Monday, August 24, 2009

Jesus or Socrates?

Yesterday, I mentioned Ludwig Hohl’s comparison of Jesus and Socrates. As Hohl is not available in an English translation, let me translate his aphorism – his post, I could call it – from the Collapsing Banks – Von den hineinbrechenden Rändern

“We speak of the similarity of the death of Jesus of Nazareth and that of Socrates, but don’t call attention to the differences, which are just as great. Jesus of Nazareth provoked his death; Socrates did not provoke his, which was merely, for him, inescapable. For Jesus, his death was nothing other than the final action of a series of actions, that we call “miracles” [Wunder]: which were the grasping of another means than that of words, in the doubt, lifted to the most extreme level of despair, of the unbearableness of words in the face of the mental slothfulness of men. He could have lived somewhere else, or moved, he didn’t need to live in Jerusalem. In contrast, Socrates lived by the word his whole life long, not with miracles; and he didn’t know where else he could live besides Athens (see Burkhardt); that he thus chose his death, between two possibilities, doesn’t mean he provoked it.”

Of course, Hohl ignores John’s hymn to the Logos – but I think he is onto something important in seeing Jesus’ life as a series of miracles, wonders rather than signs. For Socrates, the omens must be disciplined by the word; for Jesus, the words are only as good as the community of humans who create them. Instead of words, then, the act – and it is here that the miracle and the everyday converge. In eating bread. In drinking wine.

Hohl does not favor one side or the other. Myself?…

7 comments:

P.M.Lawrence said...

"Jesus of Nazareth provoked his death; Socrates did not provoke his, which was merely, for him, inescapable".

Yes, Socrates did provoke his death. The Athenian trial system involved him at the sentencing stage, after the verdict, where he was invited to suggest a suitable sentence before the jury finally decided that. He suggested that he should actually be rewarded for a public service. The jury was so unimpressed that they actually delivered a larger majority for the death sentence than they had for the guilty verdict.

roger said...

I sorta agree with you Mr. Lawrence. I think Hohl is a little weak here. But he does have an argument in that there was nothing like a Judas in the Socrates story. In that sense, Socrates was definitely not trying to get arrested.

Anonymous said...

Every time you quote Hohl, I tell myself I have to read him. Still haven't, which I hope to remedy soon.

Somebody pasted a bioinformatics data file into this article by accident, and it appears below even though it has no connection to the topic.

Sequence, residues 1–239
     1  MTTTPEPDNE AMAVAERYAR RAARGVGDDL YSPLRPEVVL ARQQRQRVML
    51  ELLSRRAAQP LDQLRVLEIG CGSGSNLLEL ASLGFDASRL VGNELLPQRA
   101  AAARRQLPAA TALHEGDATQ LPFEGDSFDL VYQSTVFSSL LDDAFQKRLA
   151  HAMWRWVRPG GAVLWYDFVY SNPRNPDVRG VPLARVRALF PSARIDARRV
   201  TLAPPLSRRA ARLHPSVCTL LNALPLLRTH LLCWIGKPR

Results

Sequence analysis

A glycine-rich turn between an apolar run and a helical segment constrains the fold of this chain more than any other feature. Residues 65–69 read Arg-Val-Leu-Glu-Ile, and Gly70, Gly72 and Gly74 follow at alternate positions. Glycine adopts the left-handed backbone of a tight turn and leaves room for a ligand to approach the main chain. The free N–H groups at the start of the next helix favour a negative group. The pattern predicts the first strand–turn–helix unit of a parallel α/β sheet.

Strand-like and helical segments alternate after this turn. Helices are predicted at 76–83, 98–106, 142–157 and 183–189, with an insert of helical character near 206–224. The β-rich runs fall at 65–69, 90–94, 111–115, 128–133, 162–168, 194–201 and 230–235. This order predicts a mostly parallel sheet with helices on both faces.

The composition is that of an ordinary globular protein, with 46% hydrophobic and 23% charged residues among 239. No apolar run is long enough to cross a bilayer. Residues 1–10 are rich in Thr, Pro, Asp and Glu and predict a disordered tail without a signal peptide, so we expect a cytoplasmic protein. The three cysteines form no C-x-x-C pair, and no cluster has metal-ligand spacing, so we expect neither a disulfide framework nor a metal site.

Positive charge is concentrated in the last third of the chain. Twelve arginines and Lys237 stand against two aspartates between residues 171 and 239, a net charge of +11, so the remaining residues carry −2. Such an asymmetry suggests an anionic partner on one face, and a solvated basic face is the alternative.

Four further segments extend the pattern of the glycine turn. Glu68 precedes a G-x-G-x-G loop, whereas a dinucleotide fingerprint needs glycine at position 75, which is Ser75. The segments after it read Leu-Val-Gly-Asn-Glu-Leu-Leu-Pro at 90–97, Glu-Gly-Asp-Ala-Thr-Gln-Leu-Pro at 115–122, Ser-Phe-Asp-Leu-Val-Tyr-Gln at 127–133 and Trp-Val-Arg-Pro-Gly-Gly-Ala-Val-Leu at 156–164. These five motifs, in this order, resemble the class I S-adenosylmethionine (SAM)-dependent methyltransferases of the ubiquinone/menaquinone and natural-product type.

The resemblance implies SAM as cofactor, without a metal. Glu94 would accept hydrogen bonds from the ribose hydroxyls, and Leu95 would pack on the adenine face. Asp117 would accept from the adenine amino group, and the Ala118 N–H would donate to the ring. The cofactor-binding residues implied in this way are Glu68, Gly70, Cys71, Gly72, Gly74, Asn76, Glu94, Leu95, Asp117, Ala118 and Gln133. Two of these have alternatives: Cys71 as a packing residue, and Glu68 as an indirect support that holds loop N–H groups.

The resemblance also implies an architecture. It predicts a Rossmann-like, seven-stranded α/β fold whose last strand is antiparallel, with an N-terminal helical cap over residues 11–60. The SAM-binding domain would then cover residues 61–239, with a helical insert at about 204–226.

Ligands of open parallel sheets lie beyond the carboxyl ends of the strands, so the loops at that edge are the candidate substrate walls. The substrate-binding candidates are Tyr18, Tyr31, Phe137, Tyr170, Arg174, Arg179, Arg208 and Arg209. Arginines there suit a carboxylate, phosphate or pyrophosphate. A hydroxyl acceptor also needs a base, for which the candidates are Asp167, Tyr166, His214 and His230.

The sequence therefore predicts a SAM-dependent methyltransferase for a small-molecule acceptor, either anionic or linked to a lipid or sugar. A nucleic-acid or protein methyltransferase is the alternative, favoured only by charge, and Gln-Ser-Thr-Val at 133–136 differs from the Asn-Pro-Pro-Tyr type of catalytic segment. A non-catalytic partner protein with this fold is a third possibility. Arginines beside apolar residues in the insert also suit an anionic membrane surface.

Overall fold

And that is quite the passage you have translated about Jesus and Socrates, words and wonders. The difference between the two, how does it relate to sacrifice, the place of sacrifice?

I suppose I don't have to expound on the sacrifice of Jesus, the sacrifice to end all sacrifices, though that is not quite what happened is it?

And one of Socrates's "last words", as it is reported, was to say that a cock be sacrificed, as he had given his word, and didn't want to go die in debt.

And if they are both in their difference part of a history of sacrifice, the "same" history, what does it mean to choose between the two? Who decides and who gets sacrificed?

Amie

northanger said...

what does Hohl imply, exactly, by "provoke"? the high priest was never to rend his garment even under provocation, so there's this…(which turns "sacrifice" into illusion).

"Early lives of Jesus tended to portray him as a spiritual man who was forced to make claims about himself that he knew were false in order to get the people to listen to his message. For example, Karl Bahrdt in his Ausführung des Plans und Zwecks Jesu (1784–1792) maintained that Jesus belonged to a secret order of Essenes, dedicated to weaning Israel from her worldly messianic expectations in favor of spiritual, religious truths. In order to gain a hearing from the Jews, Jesus claimed to be the Messiah, planning to spiritualize the concept of Messiah by hoaxing his death and resurrection. To bring this about, Jesus provoked his arrest and trial by his triumphal entry into Jerusalem. Other members of the order, who secretly sat on the Sanhedrin, ensured his condemnation. Luke the physician prepared Jesus' body by means of drugs to withstand the rigors of crucifixion for an indefinite time. &c…"

roger said...

I've never liked that version in which Jesus is a plotting charlatan. Neither did Bulgakov - when, in Master and the Margarita (which is a novel about the darkest miracle of all - the "disappearances" of people - a wonder that no words had yet been invented to describe - the editor explains that now, Jesus has to be shown to have no existence at all, that is when the devil shows up. And says, how interesting! And of course tells the editor that he is going to be beheaded by a Komsomol girl - sacrifice indeed - which happens just as he says.

roger said...

And here's a link!
http://www.youtube.com/watch?v=U_9irZSO6j4

northanger said...

oh. so that's what you're doing at the library roger.